Investing in technology? Restaurants share hits and misses
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With technology changing rapidly, can a foodservice provider keep in touch with customers in ways they want to be reached? Is it possible for a small company to have all the technology tools it needs, from mobile loyalty offerings to online employee training?
These were just a couple of to the topics addressed during "Tech Talk" at the Restaurant Franchising and Innovation Summit in Dallas. Panelists from four foodservice chains shared their hits and misses with new technology. They included A&W Digital Manager Liz Bazner, as well as COO Bo Davis of United States Beef Corporation, Arby's largest franchisee, and Verts Mediterranean Grill Marketing Vice President Keith Peterson.
Two takeaways were that companies need to do their research, and management has to be supportive for technology initiatives to succeed. Pioneers like Starbucks, for example, gain a lot of press for their social media and mobile initiatives, but even they don't hit home runs all the time.
About 70 percent of the coffee giant's customers do not download its customer app, said panel moderator Adam Fricker, vice president of innovation at Steak ‘n Shake. The chain is not alone; Fricker said restaurant customers are not downloading mobile apps, even though mobile payment is growing.
Using loyalty platforms to learn about customers
A loyalty card within a customer mobile app can offer real-time insight into customers' habits and preferences, said Bo Davis of U.S. Beef, which includes 340 Arby's restaurants and their 7,500 employees.
"You get unique, timely customer insights," said Davis, referring to the mobile loyalty rewards program the company offers its customers.
Self-order kiosks, however, did not work for his company. The team didn't test the technology before launching them, which Davis admitted was a mistake.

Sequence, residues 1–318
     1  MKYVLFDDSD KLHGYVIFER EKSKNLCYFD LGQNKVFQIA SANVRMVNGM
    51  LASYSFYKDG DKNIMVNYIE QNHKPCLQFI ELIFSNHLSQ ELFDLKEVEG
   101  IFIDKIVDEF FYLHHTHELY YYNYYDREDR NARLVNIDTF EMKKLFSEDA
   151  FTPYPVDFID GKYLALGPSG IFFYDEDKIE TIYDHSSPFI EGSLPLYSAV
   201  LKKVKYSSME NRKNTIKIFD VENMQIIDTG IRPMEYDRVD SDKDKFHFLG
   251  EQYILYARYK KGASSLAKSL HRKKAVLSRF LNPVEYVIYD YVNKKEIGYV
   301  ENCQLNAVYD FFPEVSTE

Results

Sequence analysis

"We didn't buy into it," Davis said of the kiosks. The reason, he said, was that the company's owners believed that it was important for employees to make eye contact with customers. Davis said a company must support a new technology for customers buy into it.
Davis said his locations had a better experience using iPads for training. Because iPads made training easier and more effective, the company was able to train more people in less time.
A&W Restaurants saw similar results when it rolled out training via iPads, said Liz Bazner, digital manager at the company.
While it was difficult to measure at first, the company was satisfied with the number of views the training videos were getting. It also noticed that a lot of employees were talking about the videos, something that hadn't previously happened, Bazner said.
Keith Peterson of Verts Mediterranean Grill said his company did well introducing gamification. Employees won points for doing daily tasks.
Making time for tech
The panelists agreed that one of the most important aspects of their jobs is staying on top of technology trends. That can be a challenge, however, while also trying to do their regular jobs. To ensure he doesn't drop the ball, Fricker sets a time in his calendar each day to read and research technology.
And how does a company know when it is ready to invest in technology? Fricker said if he cannot explain the technology to the executives in 20 minutes, "It's probably not ready for prime time."
Elliot Maras Elliot Maras is the editor of KioskMarketplace.com and FoodTruckOperator.com.